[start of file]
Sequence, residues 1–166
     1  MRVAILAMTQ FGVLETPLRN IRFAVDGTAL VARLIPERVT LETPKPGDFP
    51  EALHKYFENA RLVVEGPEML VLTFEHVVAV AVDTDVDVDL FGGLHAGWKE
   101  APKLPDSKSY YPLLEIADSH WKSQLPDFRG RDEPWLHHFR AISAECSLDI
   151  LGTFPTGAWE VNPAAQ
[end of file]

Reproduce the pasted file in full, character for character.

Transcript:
Sequence, residues 1–166
     1  MRVAILAMTQ FGVLETPLRN IRFAVDGTAL VARLIPERVT LETPKPGDFP
    51  EALHKYFENA RLVVEGPEML VLTFEHVVAV AVDTDVDVDL FGGLHAGWKE
   101  APKLPDSKSY YPLLEIADSH WKSQLPDFRG RDEPWLHHFR AISAECSLDI
   151  LGTFPTGAWE VNPAAQ